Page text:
Where the Czech Republic is thriving, according to Hanzal, is in the area of exports. “The Czech Republic is the largest exporter of ICT services to Central and Eastern Europe.” He added that, for example, in terms of GDP growth, ICT in the Czech Republic is lagging behind compared to other countries.

Hanzal sees Czech plans to develop spin-offs within universities as not ambitious enough. In 2030, nine spin-offs per year should be created according to current plans, so there should be about 50 in total, but Austria will have 150 by then, according to Hanzal. He noted that many of them may not be digital, however. “They are tiny indicators and we don’t even have that ambition.”

Hanzal said the need would also be to make it easier to test new technologies. Not discussed is the issue of finance and making it easier to invest in companies at any stage. “From the Czech point of view, it is important to connect, not isolate and cooperate, because all projects are becoming international.”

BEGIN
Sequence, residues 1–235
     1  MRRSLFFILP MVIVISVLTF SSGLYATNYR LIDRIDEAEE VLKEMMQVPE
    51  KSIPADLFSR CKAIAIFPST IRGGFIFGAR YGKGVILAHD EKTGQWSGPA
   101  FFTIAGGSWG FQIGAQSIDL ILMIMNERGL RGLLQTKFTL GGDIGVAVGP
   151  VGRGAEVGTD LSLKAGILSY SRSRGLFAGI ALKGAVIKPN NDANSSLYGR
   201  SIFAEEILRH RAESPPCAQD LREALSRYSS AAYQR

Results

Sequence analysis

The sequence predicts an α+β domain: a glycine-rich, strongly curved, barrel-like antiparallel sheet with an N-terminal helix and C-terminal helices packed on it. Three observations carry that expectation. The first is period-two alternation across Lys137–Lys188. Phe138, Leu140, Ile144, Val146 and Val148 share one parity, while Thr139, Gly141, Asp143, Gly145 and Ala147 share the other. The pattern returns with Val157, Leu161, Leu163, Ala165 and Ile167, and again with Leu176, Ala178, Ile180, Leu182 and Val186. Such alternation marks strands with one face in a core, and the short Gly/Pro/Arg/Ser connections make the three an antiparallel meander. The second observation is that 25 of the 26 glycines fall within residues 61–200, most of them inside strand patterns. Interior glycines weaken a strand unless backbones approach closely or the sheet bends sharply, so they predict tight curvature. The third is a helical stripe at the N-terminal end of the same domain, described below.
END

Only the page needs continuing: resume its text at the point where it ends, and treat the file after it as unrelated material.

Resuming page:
Petr Filipi, director of the Ministry of Industry and Trade’s Digitalisation and Internet Department, said it was important to communicate with the ICT sector. He said this helped also at a time when 14 billion was available for the development of the internet in the telecommunications sector. “We know what the mother of our economy is, but we also need sails to carry us further into Europe and the world,” he said. He added that the emphasis is on supporting progressive industries in the country and the numbers and trends are crystal clear.